Remembering Stanczaks For Polish American Month

Remembering Stanczaks For Polish American Month

By Joe Guzzardi

October is Polish American Heritage Month, originally celebrated by congressional proclamation in August until it moved to October. Polish heritage month commemorates the first Polish settlers who arrived in America in 1608, and also honors Generals Kazimierz Pułaski and Tadeusz Kościuszko, two military leaders who bravely fought in the American Revolution. The change from August to October enabled schools to participate in traditional Polish festivities – singing, dancing and plenty of pierogi eating.

The list of accomplished Polish-Americans is long and impressive. In the baseball world, one of the most prominent is Aloysius Harry Szymanski, aka Al Simmons, the home run bashing outfielder for Connie Mack’s daunting 1920s Philadelphia Athletics, and later the Chicago White Sox, Washington Senators and Detroit Tigers. The slugging Hall of Famer Simmons had a 20-year .334 career batting average.

Remembering Stanczaks For Polish American Month

Simmons, well-known for his foot-in-the-bucket batting style, was involved in one of the World Series’ most unlikely incidents. A .329 hitter in his four World Series appearances, Simmons ignited a memorable and improbable development in the Fall Classic’s history, the seventh inning of the fourth game between the A’s and the Chicago Cubs in 1929. With the Cubs comfortably ahead 8-0, Simmons blasted a leadoff home run. The Athletics batted around and soon trailed by only one run, 8-7. Then, Simmons singled in his second at-bat of the seventh as the A’s completed a historic and unforgettable ten-run inning and went on to win, 10-8. The A’s, with six future Hall of Famers, took the 1929 series crown, 4-1.

Simmons is well known among baseball historians. But few are aware of Chicago’s late 1920s 10-man Stanczak brothers’ team, one of the most unusual semi-pro ball clubs to ever appear on a diamond. Polish immigrant Martin Stanczak was father to 10 sons, and one daughter, who covered nearly a 20-year age span. Martin’s ball playing sons included Joe, a county clerk; Mike, an ordained priest; Bill, a tobacco-chewing spitball pitcher, and high schoolers Martin and Julius. In his book, “The League of Outsider Baseball,” award-winning graphic artist Gary Cieradkowski wrote about how, after dominating the Chicago and Milwaukee sandlot teams, promoter Nick Keller became the guiding light for the Stanczak Brothers team, and led them to greater heights.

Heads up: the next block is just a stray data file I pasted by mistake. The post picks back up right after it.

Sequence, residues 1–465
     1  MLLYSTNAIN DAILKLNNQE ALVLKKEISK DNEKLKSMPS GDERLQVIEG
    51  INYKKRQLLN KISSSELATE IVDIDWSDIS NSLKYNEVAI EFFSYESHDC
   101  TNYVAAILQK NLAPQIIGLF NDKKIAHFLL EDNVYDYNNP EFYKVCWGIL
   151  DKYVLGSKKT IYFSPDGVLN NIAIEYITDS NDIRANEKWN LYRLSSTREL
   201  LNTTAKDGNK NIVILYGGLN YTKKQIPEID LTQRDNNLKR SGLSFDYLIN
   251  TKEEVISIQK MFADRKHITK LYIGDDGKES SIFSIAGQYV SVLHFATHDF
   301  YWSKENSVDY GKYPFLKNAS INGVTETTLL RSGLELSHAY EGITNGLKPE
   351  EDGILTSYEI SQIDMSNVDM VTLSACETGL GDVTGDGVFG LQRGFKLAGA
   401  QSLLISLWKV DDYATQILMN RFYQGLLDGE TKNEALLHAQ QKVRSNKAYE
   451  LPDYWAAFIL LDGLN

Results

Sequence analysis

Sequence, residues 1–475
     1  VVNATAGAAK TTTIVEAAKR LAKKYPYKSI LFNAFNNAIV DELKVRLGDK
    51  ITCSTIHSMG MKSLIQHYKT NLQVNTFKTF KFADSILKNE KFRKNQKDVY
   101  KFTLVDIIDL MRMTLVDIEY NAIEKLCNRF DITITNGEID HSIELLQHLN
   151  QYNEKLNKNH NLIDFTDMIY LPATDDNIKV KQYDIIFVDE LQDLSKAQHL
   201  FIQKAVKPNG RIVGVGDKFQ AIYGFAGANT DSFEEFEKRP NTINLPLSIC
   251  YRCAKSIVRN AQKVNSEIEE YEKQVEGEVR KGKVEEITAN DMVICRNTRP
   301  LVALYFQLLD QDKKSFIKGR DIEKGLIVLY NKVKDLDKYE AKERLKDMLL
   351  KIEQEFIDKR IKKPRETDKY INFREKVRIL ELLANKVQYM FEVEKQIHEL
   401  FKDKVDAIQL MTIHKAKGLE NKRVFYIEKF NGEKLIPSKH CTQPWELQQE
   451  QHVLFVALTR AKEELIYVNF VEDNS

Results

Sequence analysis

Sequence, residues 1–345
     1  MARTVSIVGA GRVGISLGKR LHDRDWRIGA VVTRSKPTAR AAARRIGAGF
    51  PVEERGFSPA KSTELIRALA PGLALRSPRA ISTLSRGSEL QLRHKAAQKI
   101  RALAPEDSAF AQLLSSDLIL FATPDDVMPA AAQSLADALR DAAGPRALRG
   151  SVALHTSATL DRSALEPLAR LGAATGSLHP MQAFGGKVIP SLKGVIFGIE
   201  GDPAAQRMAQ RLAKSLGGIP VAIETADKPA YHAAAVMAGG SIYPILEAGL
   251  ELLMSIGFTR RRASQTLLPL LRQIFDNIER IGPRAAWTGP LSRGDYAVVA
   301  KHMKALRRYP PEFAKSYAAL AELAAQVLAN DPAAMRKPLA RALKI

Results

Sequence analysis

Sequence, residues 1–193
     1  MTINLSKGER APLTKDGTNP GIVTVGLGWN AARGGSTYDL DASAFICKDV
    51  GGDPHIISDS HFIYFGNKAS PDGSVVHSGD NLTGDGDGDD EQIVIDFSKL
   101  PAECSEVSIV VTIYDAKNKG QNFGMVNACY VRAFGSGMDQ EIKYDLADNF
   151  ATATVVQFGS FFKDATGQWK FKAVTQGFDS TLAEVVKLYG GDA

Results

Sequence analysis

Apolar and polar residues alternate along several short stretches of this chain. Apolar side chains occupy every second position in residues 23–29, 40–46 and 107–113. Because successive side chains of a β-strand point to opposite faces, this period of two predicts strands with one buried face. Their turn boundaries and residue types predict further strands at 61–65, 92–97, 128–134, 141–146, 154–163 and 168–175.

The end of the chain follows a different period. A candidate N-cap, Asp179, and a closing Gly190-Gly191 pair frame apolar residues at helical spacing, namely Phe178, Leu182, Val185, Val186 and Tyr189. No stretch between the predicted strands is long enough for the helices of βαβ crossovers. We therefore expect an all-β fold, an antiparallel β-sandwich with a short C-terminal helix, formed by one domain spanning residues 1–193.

Keller’s first move was to, for phonetic purposes, eliminate the “c” from Stanczak. Keller renamed the siblings “The World Brother Champions,” issued challenges to other sibling-only ball clubs, and defied them to prove him wrong when he proclaimed his team as global sibling title-holders. From way out West, the Marlatt Brothers, having crushed the Skiano Brothers in 1925, accepted. Quick to strike while the iron was hot, Keller set up “The Brother Championship Series.” The first two games were played on the Marlatt Brothers’ home turf, Hot Springs, Wyoming. Bill’s wet one befuddled the Marlatts, and the Stanzaks swept the first two games. Back in Chicago for games three and four, the Stanzak brothers polished off the Marlatts to retain their title as undisputed sibling champions.

Wearing their crown proudly, the Stanzak brothers toured the Midwest, and dominated all comers. After winning the 1933 Lake County championship, the brothers received an invitation to travel to Wichita to take on the Deikes of Fredericksburg, Texas. The Texans, however, were not totally above board; the team was only eight-ninths all-siblings. The Deikes installed a ringer at first base – U.S. president-to-be Lyndon Baines Johnson. No matter. The Stanczak boys defended their championship title effortlessly, and breezed past the Deikes; future president Johnson made no difference in the outcome.

None of the brothers played major league baseball. Joe had a brief stint in the minors; Louis and Martin had unsuccessful tryouts with the Cincinnati Reds. Nevertheless, the brothers’ photograph is prominently on display at Cooperstown where the Hall of Fame declared them as the 10 best brothers ever to play baseball.

Joe Guzzardi is a Society for American Baseball Research and Internet Baseball Writers Association member. Contact him at

Remembering Stanczaks For Polish American Month

Remembering Stanczaks For Polish American Month

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